​The Market Indeed’s Moritz Says Craft Beer Could Miss If Not Taken​

This is a part of a continuing series of Q&As with members of the brewing community from across the US.
Brewer Magazine will share business and personal insights from Brewmasters, Head Brewers, Brewing Managers, Sales Directors, QCQA Managers and others each weekend to help you get to know each other better in the industry and learn more to better develop your own brand.

Kelly Moritz, Integrator/Chief Operating Officer​, Indeed Brewing — Minneapolis​

​BREWER: Why did you enter the craft beer industry and what makes you love being a part of it and staying in it?
​MORITZ: ​I had recently left a career in academic publishing and was trying a bit of everything (freelance writing, making ice cream in a commercial kitchen, bartending) to figure out what I wanted to do next. While working at a craft beer-focused bar, which served a lot of Indeed, I heard through the grapevine about an opening at the brewery. Day Tripper Pale Ale was always my first recommendation to anyone looking to try something hoppy and delicious; I loved the branding and vibe of Indeed and was excited to see a female founder helping to create a local craft brewery. I started at Indeed as the first marketing employee, doing a little bit of everything from social media, writing blog posts, coordinating events, developing partnerships and sponsorships, supporting sales with marketing materials, and managing the workflow of our little department of two. It took years before I felt like I hit my stride in the craft beer community. Some days I still feel like a bit of an outsider of the industry as a whole, but I’m a huge believer in Indeed. I’m a natural storyteller and I thrive in the small business environment, and I feel so lucky to have helped build successful brands that people welcome into their homes and welcoming spaces for folks to gather and enjoy something to drink together. Those are things that I love most and get me out of bed in the morning.

BREWER: What do you feel have been new challenges in your position that have helped push you and make you better at your job?
MORITZ: There have been so many challenges over the course of the last few years, from the pandemic to supply chain issues and inflation to the uprising in our home city of Minneapolis after the murder of George Floyd. It feels like challenge is the new normal. It’s really forced me to reflect as a worker and a leader, to figure out what’s important to me, and what unique skills I bring to the table.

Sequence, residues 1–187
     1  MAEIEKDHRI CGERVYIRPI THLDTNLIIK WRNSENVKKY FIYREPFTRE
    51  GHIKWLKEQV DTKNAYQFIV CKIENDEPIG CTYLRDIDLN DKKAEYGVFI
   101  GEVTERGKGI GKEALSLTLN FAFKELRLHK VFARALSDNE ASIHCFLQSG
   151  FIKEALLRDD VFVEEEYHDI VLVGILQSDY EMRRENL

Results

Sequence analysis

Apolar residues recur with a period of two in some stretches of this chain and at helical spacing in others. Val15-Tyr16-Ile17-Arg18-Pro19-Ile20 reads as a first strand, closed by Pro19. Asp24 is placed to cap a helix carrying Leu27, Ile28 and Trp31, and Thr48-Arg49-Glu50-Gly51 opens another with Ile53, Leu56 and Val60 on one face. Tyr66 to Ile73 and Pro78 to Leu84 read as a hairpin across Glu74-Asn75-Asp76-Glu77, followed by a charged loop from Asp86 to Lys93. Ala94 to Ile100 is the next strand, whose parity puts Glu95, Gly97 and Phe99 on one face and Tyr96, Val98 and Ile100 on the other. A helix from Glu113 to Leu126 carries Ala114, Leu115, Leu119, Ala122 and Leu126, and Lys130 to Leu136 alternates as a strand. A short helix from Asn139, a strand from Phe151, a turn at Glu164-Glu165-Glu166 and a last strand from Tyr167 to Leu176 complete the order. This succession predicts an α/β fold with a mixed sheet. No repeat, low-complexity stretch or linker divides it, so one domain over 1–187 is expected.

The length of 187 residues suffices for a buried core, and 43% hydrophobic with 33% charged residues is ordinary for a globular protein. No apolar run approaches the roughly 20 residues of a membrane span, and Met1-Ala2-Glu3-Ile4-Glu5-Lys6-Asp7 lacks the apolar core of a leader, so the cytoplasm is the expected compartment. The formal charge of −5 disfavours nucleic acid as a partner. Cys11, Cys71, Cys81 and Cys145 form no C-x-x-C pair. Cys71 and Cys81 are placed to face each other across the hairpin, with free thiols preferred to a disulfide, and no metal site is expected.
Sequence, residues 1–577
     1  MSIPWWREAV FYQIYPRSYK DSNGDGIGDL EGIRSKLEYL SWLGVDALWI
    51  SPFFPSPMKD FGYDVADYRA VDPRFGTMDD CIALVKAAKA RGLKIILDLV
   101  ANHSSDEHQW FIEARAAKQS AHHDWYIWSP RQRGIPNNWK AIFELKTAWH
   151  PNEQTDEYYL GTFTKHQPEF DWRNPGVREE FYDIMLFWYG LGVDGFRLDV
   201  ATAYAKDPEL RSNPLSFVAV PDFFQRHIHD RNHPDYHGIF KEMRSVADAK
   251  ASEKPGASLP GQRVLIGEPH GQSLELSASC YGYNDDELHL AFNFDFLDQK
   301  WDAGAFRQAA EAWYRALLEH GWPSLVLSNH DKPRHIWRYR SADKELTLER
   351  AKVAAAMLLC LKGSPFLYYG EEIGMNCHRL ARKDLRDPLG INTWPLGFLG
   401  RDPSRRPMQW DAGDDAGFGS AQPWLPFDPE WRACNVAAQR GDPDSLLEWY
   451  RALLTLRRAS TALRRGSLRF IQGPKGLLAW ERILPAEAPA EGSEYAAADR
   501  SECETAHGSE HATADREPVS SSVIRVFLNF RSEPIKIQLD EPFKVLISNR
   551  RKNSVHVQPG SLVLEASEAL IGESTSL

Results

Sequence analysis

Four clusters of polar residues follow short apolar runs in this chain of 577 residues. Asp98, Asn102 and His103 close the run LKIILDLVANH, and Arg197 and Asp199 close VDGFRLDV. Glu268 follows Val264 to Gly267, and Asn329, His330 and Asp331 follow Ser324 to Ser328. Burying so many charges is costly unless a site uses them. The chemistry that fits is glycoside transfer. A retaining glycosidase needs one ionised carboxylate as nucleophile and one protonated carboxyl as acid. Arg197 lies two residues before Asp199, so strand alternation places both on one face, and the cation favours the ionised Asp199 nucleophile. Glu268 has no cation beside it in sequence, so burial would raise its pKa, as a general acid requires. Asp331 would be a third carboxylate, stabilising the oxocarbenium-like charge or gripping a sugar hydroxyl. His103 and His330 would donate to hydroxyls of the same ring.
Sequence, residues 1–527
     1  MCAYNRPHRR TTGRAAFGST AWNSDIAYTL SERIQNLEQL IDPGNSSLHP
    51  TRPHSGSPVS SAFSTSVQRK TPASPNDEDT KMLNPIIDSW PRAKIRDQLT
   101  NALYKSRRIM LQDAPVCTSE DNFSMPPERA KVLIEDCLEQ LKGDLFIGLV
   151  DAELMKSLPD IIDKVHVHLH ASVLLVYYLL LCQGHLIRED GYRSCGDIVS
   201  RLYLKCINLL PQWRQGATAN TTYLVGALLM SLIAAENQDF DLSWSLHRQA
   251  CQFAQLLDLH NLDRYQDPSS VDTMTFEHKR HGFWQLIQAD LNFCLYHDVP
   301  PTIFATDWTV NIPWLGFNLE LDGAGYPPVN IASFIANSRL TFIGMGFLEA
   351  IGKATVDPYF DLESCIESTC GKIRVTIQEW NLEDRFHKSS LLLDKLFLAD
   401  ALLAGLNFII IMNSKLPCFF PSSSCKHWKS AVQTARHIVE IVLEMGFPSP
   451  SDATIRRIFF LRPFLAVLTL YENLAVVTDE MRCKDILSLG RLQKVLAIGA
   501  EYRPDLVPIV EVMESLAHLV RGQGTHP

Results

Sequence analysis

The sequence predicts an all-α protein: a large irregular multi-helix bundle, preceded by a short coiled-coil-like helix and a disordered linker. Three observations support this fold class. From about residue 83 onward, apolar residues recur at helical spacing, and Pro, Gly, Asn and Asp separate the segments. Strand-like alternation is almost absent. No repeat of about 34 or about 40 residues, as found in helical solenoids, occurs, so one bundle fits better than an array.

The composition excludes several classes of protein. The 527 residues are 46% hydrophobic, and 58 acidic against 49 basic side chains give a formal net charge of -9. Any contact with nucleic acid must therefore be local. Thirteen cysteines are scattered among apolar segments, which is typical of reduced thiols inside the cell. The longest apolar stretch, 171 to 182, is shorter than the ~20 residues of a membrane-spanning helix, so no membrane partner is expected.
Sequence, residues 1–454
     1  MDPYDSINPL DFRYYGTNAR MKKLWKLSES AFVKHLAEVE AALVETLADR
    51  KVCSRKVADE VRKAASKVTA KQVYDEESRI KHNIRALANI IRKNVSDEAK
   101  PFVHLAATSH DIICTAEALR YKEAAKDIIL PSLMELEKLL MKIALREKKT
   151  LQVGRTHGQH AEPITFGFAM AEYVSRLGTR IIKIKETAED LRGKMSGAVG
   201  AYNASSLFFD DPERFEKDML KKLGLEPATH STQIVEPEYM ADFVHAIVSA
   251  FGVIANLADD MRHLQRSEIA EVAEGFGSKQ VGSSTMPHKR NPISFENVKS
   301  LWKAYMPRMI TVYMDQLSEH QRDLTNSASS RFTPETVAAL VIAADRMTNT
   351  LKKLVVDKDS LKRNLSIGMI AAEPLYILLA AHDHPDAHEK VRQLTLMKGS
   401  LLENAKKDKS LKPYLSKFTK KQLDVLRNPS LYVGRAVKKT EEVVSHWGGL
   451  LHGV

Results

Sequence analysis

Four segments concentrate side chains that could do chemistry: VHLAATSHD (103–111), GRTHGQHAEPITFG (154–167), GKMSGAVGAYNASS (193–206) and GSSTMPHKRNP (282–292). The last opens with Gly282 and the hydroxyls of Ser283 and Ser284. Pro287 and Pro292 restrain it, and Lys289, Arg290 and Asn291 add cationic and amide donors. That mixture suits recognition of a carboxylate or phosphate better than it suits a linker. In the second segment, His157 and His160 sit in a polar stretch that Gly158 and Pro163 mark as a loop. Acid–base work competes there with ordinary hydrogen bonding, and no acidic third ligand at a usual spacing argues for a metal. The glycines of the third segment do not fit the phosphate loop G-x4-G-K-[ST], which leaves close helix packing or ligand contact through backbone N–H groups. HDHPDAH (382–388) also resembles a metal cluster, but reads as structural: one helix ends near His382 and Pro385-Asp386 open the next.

BREWER: How has the definition of growth for your company evolved and how have you adjusted to be successful in that new definition?
MORITZ: Our business experienced a somewhat seismic shift this year with the transition of our self distribution business to a wholesaler. That volume previously represented about 70% of our total sales, and now we have the opportunity to look at growth differently with this new partnership. We’re pushing our limits within our current brewhouse, so a big area of focus for us will be physical growth and increasing our capacity so we can continue to sustain the growth we plan to see.

BREWER: What strategic growth opportunity do you feel is still “out there” for your brand and how are you working on capitalizing on it this year?
MORITZ: The ability to make THC beverages and edibles is a really exciting opportunity, but uncertainty around the rules and regulations makes that a hard one to plan for in the long-term; right now we’re dipping our toes in cautiously and looking optimistically ahead. We have a tremendous opportunity in both of our taproom spaces (Minneapolis and Milwaukee) to continue to add capacity, diversify the product offerings, add more food, create unique programming, and make our spaces more inclusive and welcoming to new and repeat guests alike. Developing new beverages and brands remains a huge strategic growth opportunity for Indeed; our brewery has a winning combination of quality and creativity in the brewhouse paired with a talented and energetic branding team. If we continue to seek what’s next and not get complacent, I’m confident our most successful brands are still ahead of us.

BREWER: If you had one business strategy that you could implement to better the brewing industry, what would it be?
MORITZ: A few pop to mind, but one I would highlight is paying more attention to the younger market. I see myself, an urban-dwelling white person in her mid-​30s, reflected in so many of my coworkers and the guests we welcome into our spaces. When I see a group of 21 year olds hanging out, I almost do a double take. Many of us entered the world of craft beer around the same time, and have been in the craft bubble for a similar span of years. I think we risk a lot by not engaging with younger generations, whether through hiring, mentorship, structured feedback on new products, inspiration for new trends​ ​—​ ​all of that.

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